Royal Biopic Wins Film’s Highest Honour
A film about the stutter of Britain’s King George VI has taken out Hollywood’s most coveted award – the Best Picture Academy Award.
The King’s Speech, directed by Brit Tom Hooper, was the odds-on favourite to take home the award, and left the Kodak Theatre the major winner of the night; also winning Best Director for Tom Hooper, Best Actor for Colin Firth (in his role as King George VI) and Best Original Screenplay for David Seidler, who first had the idea for a film about the King’s stammer in the 1970s. The film had been on Seidler’s back-burner from 1981, when Queen Elizabeth, the Queen Mother requested such a film about her husband not be made in her lifetime, until 2005, when throat cancer inspired Seidler to resume work on the project.
Beginning in 1925, The King’s Speech opens with the-then Duke of York making the opening speech at the British Empire Exhibition. His stammer is clearly evident as he tries valiantly to proceed with his speech, and the crowd falls into an uncomfortable silence. The film the centres around Prince Albert’s relationship with his odd speech therapist, Lionel Logue, and how Logue was integral in the-later King George’s success in addressing the public – which is first witnessed in the film when the King announces to the British public that Britain has declared war on Germany in September 1939. The two men retained a life-long friendship, which resulted in Logue being made a Commander of the Royal Victorian Order in 1944.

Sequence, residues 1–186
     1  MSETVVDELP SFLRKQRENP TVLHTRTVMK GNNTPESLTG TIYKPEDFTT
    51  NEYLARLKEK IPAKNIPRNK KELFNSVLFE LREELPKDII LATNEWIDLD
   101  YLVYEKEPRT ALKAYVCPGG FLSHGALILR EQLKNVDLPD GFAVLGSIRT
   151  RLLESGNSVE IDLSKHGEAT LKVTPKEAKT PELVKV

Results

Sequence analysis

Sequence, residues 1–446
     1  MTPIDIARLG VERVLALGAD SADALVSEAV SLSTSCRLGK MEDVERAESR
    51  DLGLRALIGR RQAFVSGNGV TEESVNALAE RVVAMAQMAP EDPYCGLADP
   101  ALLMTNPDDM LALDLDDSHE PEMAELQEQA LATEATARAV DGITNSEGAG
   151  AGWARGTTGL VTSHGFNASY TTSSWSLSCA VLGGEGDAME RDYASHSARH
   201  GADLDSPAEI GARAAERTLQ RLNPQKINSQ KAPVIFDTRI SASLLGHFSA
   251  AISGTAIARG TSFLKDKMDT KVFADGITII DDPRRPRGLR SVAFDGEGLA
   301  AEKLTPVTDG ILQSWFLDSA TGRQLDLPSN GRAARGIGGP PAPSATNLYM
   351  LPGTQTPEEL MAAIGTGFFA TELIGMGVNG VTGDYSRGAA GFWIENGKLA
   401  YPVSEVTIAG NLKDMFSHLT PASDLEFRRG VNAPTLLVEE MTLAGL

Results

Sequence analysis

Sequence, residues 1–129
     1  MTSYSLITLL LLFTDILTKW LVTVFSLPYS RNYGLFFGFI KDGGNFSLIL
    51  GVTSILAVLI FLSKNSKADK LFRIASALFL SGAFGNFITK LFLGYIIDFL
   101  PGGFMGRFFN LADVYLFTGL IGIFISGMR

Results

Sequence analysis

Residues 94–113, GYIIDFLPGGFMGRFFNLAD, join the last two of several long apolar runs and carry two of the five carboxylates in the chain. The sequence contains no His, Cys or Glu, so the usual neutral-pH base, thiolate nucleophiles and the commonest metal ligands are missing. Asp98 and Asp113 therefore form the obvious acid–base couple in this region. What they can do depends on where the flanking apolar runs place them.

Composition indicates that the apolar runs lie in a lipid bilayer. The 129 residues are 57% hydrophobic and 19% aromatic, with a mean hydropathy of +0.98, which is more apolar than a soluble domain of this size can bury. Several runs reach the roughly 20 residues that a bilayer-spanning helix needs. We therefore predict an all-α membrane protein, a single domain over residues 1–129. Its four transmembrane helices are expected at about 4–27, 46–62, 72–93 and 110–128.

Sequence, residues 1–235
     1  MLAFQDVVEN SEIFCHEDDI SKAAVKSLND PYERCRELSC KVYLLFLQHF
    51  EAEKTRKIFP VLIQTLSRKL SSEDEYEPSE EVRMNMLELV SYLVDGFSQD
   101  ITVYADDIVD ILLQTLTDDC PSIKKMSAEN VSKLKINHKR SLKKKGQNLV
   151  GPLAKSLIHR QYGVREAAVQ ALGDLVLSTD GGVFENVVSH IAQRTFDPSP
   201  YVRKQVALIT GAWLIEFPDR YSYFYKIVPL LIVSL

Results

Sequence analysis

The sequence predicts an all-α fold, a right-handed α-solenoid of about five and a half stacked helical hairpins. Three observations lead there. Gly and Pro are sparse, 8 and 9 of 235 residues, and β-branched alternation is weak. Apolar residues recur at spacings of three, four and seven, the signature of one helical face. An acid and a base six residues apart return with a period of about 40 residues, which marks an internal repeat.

With a stellar veteran cast, the film has grossed nearly $US245 million worldwide since it’s release late last year, and won countless awards, including it’s sweep of the 64th British Film Awards. The film start Colin Firth as King George VI, Geoffery Rush as unconventional therapist Lionel Logue, Helena Bonham Carter as Queen Elizabeth, Guy Pearce as King Edward VIII, Michael Gambon as King George V and Claire Bloom as Queen Mary.
A thread discussing the film can be found here at the forums.Filed under British Royals
Tagged Awards, Celebrities, Films, George VI of the United Kingdom.